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Posted: 2/24/2006 10:05:06 AM EDT
Las Vegas Police Given $100,000 Rifle Money From Anonymous Donor


Updated: February 24th, 2006 10:30 AM EDT



LAWRENCE MOWER
Las Vegas Review-Journal



Recent shootouts in which Las Vegas police officers faced suspects carrying more powerful weapons have prompted an anonymous individual to donate $100,000 to equip officers with assault rifles.

After the Feb. 1 death of Las Vegas police Sgt. Henry Prendes, several members of the community promised to donate money to equip police officers with more powerful weapons, officials said.

The $100,000 donation, which the donor intends be used to equip squad cars with assault rifles, was the first received by the Las Vegas Metropolitan Police Department Foundation, said Paul Page, treasurer of the nonprofit organization, which is separate from the Police Department.

Prendes was shot and killed while responding to a domestic violence call when Amir Crump opened fire with a semiautomatic assault rifle modeled after the AK-47. He killed Prendes, then held police at bay as he peppered the cars shielding them with dozens of rounds. It wasn't until an officer with the gang crimes unit arrived with an assault rifle that police turned the tide of the gunbattle and killed Crump.

The incident prompted Sheriff Bill Young to evaluate the department's policies regarding the availability of assault rifles for patrol officers.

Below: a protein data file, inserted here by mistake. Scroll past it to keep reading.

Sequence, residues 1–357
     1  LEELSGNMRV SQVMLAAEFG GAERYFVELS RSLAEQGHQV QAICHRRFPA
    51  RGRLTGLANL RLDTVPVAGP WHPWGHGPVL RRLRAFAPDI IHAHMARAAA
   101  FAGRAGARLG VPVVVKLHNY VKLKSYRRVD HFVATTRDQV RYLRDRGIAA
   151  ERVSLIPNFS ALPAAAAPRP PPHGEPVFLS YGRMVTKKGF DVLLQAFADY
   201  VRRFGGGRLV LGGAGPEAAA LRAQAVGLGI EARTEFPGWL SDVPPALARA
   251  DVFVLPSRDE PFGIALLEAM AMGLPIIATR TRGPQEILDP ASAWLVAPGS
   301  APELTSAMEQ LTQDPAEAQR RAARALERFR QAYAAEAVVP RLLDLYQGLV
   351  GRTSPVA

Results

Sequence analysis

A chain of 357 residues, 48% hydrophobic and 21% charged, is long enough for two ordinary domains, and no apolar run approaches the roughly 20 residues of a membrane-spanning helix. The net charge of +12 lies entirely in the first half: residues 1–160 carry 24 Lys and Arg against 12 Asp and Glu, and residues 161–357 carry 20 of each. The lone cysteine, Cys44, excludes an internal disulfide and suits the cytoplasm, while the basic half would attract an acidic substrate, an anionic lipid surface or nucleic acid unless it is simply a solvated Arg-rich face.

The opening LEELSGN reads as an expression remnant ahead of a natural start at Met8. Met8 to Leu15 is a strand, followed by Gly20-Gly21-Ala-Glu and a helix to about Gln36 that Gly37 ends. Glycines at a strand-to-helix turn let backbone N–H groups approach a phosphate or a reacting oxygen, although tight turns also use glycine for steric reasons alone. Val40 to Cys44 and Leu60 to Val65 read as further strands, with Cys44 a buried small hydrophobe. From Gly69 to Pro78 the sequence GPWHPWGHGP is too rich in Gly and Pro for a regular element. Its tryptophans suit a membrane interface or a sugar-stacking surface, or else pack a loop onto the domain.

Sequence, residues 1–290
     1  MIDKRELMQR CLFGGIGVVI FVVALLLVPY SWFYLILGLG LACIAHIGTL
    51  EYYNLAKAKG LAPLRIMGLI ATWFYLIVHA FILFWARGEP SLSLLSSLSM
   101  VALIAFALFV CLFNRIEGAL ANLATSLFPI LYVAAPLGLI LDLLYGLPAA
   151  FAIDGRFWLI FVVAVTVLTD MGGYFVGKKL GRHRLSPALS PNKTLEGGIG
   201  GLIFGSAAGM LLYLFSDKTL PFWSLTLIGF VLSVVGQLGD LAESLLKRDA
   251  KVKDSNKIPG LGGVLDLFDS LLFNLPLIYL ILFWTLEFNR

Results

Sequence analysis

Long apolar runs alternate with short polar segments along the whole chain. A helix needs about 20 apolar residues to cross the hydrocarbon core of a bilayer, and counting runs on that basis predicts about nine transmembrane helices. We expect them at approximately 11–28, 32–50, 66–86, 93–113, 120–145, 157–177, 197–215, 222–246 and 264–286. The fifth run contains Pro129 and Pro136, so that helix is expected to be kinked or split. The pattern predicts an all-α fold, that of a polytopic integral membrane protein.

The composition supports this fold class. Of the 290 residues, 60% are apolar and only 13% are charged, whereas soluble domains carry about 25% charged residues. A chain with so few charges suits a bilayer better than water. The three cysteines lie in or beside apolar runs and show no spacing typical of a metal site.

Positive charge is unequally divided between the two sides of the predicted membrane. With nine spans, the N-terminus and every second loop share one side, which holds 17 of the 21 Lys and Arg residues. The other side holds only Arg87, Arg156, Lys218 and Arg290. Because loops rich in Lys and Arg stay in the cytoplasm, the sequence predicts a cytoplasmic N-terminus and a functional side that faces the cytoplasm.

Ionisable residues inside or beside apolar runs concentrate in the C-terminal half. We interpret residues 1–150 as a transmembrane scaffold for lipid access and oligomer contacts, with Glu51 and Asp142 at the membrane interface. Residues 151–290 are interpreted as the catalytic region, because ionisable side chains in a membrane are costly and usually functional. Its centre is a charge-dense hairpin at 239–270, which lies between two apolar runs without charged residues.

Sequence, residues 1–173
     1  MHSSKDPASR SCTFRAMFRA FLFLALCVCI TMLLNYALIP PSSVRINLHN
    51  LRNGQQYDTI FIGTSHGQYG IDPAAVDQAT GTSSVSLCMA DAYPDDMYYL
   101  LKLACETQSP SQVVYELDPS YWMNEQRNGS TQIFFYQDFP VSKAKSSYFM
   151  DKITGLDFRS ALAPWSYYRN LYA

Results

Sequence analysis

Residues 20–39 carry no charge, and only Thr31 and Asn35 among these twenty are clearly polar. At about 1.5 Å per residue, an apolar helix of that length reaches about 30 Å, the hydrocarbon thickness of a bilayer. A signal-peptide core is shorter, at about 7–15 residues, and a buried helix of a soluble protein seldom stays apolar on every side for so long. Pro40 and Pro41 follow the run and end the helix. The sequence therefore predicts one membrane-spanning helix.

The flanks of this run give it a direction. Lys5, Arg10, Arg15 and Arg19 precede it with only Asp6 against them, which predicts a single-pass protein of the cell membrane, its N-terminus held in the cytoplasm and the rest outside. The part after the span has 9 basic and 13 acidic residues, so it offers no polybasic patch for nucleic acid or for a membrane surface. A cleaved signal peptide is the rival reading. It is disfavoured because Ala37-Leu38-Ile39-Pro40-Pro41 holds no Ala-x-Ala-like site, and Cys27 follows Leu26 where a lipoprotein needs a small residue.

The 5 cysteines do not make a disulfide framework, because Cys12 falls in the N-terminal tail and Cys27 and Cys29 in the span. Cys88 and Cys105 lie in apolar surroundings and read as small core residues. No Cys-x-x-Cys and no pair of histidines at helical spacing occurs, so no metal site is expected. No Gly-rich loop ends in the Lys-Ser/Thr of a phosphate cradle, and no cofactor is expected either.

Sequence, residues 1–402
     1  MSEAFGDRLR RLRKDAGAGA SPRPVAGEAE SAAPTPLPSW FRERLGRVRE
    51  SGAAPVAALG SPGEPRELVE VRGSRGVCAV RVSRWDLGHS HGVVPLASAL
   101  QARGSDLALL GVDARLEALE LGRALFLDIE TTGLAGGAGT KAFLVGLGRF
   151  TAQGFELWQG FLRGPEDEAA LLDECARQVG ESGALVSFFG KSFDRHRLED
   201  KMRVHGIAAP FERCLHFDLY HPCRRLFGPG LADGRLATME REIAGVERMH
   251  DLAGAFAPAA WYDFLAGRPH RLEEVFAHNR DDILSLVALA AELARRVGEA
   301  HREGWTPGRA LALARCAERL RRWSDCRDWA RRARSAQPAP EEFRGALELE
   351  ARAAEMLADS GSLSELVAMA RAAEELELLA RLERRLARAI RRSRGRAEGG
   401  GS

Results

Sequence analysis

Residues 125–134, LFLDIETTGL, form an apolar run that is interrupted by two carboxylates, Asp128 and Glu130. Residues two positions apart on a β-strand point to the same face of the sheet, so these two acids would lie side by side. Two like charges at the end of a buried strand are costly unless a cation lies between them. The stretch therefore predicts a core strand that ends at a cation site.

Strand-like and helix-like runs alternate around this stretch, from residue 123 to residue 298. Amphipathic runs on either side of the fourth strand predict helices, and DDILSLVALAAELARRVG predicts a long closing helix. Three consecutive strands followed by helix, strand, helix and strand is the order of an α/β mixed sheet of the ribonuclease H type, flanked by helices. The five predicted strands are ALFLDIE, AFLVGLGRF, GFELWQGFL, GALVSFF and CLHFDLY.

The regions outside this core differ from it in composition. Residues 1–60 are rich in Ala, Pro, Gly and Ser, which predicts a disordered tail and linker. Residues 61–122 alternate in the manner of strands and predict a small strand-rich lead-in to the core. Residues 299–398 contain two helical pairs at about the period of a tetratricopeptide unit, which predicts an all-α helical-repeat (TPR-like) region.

Currently, officers may carry assault rifles in their patrol cars if they purchase the weapons with their own money and undergo training in their use, Undersheriff Doug Gillespie said.

Department officials now must decide what weapons to buy using the donated funds, Gillespie said.

Officials said they should reach a decision within two weeks, and the weapons will only be made available to officers who want them.

Gillespie said the $100,000 contribution was made by a "very generous" individual who wished to remain anonymous. Only Gillespie, Young and the foundation's board of directors know who the donor is, he said.

But Craig Walton, president of the Nevada Center for Public Ethics, said such offers - in which the police department knows who the donor is - could create ethical conundrums if the donor ever becomes the subject of a police investigation.

"It's a very nice thing," he said. "These people read the newspaper and were concerned about Sergeant Prendes. So someone decided to step in and solve the problem" of police being outgunned.

But, Walton said, "you don't want to set up the risk" of a potential conflict.

Walton said a double-blind transaction, in which someone donates to a third party who then passes the money to the police department, would be a better way of transferring the funds.

Page said the donation would have no bearing on future investigative decisions.

"I've never been contacted by anyone in the Police Department asking, 'Who made this donation?' " Page said.

The police foundation screens donations, Page said. He said he has had discussions with the foundation's board about rejecting some offers. The foundation hasn't turned away any money yet, he said.